USA — Students at Drake University can become certified in wildland firefighting by taking a two-credit course, spending a few hours online and testing their knowledge of fires in a real setting.
Introduction to Wildland Firefighting and Fire Behavior is an environmental science course taught by Thomas Rosburg, an associate professor of biology.
“We learn about what causes wildfires, how firefighters work to stop and deal with fires and how to become a wildland firefighter,” Nikki Marschke (AS1) said.
Students gain a broad understanding of fire behavior and its reactions to weather, topography and fuels, Rosburg said. They also learn how to attack a fire, construct fire lines, use equipment and find their way in the wilderness.
The main goal of this class is to give students the opportunity for wildland firefighting certification. Taking the class, however, does not automatically certify students. They must also complete online modules covering the class material and prove their firefighting ability.
“Once they pass online, they do a field day with a certified instructor, make a fire line and deploy their fire shelter in 25 seconds or less,” Rosburg said.
A fire line is a band of cleared land used to impede an oncoming fire. A fire shelter’s appearance is similar to a sleeping bag but protects the user from fire and is only used in extreme cases, Rosburg said.
The students being certified will go on a field trip with Rosburg to conduct a prescribed burn on private land. This doubles as a learning activity and a service project, providing free assistance to people who want their land burned. Still, many students choose not to get certified.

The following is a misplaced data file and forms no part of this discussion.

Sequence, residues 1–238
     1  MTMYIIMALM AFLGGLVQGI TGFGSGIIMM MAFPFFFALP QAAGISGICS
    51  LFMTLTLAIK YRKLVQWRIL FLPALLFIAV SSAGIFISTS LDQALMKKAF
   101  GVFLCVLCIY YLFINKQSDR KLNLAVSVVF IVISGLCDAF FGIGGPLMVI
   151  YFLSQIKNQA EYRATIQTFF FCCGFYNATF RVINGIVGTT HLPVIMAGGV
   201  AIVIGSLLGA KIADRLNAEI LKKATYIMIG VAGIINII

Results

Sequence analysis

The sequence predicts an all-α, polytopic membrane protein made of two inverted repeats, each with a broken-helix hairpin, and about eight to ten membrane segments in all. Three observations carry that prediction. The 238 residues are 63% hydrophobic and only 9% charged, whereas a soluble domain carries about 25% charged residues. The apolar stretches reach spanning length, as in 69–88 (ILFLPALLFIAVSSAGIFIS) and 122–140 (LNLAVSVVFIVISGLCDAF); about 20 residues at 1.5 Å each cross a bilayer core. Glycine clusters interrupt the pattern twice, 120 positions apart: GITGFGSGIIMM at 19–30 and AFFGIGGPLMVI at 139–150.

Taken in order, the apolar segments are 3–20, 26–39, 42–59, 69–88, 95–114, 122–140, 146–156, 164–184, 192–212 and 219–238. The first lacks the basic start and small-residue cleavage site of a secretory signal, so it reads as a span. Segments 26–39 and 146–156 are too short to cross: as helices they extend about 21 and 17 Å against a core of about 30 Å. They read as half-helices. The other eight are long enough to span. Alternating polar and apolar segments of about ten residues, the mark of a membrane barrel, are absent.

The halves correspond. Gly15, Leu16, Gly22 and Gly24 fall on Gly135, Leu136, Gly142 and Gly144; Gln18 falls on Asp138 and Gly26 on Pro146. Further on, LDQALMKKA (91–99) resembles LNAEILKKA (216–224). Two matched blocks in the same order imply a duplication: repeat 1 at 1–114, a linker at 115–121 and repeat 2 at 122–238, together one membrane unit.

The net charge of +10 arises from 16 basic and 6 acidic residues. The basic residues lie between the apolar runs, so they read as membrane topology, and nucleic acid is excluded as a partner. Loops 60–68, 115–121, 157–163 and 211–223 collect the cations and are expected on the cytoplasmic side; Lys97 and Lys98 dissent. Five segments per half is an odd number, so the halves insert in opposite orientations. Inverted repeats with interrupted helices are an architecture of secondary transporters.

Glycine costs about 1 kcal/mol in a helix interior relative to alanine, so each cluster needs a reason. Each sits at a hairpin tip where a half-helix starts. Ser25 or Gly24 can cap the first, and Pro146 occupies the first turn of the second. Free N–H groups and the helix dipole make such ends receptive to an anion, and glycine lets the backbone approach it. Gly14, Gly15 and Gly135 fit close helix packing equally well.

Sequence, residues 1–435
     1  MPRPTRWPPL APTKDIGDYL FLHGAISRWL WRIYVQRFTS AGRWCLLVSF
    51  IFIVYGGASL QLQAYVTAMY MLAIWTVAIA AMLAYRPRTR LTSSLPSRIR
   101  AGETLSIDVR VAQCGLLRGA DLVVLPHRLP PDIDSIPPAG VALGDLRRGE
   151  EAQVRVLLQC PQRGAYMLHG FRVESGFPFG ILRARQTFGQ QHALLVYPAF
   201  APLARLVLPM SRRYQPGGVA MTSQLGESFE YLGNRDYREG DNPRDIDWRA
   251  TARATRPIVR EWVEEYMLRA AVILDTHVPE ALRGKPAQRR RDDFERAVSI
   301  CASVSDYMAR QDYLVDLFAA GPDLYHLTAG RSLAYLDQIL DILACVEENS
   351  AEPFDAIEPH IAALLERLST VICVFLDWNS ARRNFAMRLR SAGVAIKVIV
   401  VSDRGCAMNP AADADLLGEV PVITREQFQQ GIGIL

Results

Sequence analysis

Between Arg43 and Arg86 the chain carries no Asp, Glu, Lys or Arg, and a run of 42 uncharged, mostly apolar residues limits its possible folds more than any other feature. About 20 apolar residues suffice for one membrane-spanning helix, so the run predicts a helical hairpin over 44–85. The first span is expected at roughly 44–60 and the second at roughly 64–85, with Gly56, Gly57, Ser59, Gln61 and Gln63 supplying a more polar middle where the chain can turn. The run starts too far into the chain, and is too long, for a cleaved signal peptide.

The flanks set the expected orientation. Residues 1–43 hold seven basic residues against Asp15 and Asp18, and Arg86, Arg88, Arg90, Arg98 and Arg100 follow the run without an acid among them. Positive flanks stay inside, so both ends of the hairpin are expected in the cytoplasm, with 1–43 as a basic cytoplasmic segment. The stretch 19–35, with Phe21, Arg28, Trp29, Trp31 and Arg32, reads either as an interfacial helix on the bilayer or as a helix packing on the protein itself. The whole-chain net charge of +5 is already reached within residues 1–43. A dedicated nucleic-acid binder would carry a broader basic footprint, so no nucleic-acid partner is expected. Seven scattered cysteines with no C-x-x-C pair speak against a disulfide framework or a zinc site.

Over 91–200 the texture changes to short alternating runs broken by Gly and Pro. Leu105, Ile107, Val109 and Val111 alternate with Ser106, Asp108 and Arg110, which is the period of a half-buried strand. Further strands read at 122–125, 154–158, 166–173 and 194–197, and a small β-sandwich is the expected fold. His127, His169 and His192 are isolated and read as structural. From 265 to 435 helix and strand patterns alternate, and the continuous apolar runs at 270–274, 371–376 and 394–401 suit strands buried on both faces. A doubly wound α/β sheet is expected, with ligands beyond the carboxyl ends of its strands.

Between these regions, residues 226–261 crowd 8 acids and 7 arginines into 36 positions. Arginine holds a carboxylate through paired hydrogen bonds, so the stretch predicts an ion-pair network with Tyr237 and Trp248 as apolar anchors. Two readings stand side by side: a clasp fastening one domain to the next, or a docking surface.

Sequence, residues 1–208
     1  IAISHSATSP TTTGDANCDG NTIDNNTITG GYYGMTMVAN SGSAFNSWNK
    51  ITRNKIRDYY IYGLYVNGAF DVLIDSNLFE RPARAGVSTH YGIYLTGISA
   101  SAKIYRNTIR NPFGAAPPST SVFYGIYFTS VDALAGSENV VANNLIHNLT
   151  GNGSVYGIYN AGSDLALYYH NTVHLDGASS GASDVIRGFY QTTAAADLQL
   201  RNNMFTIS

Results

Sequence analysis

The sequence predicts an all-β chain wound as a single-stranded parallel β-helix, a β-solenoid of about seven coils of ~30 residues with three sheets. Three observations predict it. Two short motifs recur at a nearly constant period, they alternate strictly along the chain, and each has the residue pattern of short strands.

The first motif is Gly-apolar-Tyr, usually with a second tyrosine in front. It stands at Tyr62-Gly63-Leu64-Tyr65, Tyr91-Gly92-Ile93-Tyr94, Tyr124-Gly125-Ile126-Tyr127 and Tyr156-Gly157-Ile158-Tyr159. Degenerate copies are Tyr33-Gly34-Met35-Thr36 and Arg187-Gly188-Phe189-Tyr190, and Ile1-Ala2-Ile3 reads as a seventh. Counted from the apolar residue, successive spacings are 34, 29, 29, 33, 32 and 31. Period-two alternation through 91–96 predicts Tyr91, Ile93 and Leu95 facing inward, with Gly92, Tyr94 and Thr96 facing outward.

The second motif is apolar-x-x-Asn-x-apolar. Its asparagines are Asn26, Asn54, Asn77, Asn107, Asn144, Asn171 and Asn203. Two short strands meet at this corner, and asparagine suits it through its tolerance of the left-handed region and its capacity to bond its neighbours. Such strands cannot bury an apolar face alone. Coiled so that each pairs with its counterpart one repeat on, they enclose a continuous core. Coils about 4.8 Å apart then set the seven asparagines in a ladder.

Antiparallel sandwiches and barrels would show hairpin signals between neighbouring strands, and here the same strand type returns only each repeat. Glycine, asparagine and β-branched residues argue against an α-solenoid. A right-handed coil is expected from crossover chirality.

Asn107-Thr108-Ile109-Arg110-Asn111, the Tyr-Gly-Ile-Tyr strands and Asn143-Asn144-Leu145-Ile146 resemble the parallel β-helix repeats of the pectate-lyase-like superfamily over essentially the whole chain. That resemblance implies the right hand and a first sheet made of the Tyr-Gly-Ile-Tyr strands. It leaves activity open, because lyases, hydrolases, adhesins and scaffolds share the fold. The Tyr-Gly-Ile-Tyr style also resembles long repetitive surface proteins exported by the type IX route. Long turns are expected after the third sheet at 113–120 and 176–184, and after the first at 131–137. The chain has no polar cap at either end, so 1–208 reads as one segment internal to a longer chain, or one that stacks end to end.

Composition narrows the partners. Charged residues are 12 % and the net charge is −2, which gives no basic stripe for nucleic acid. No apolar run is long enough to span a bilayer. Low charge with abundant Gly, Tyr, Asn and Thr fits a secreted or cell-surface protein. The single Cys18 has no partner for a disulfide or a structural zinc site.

“I don’t think firefighting is for me,” Marschke said. “It sounds too dangerous.”
Instead, she took the class because it was on the environmental science class list and looked interesting, she said.
Many different majors, not just those studying environmental science, take this class. Benjamin Sabal (J1) said he chose the class to earn more credits.
“I recommend it to anyone who has to take another class and just wants something interesting,” Sabal said. He said he likes the relevance of the information; unlike math problems, this is more applicable. “These are real-life situations,” Sabal said.
Rosburg said he wants students to gain a better understanding of what fire is like.
“Fire is important to ecosystems, a natural environmental factor,” Rosburg said. Fire burns leaves and dead plants that block sunlight. It also releases nutrients in the soil, so when new plants grow after the fire, they will be healthy.
Rosburg said he tries to discourage the “Smokey Bear” mentality, the belief that all fire is bad and must be stifled immediately. Much money is wasted on extinguishing wildfires that are healthy for the ecosystem, Rosburg said. If non-threatening and away from civilization, these fires should not be suppressed and lives should not be risked.
Wildland Firefighting is taught this semester from 6 to 7:50 p.m. on Wednesdays in Olin Hall. It is offered every two or three years.
“College is meant to broaden your horizons,” Mark Stevens (AS, J3) said. “Take Wildland Firefighting.”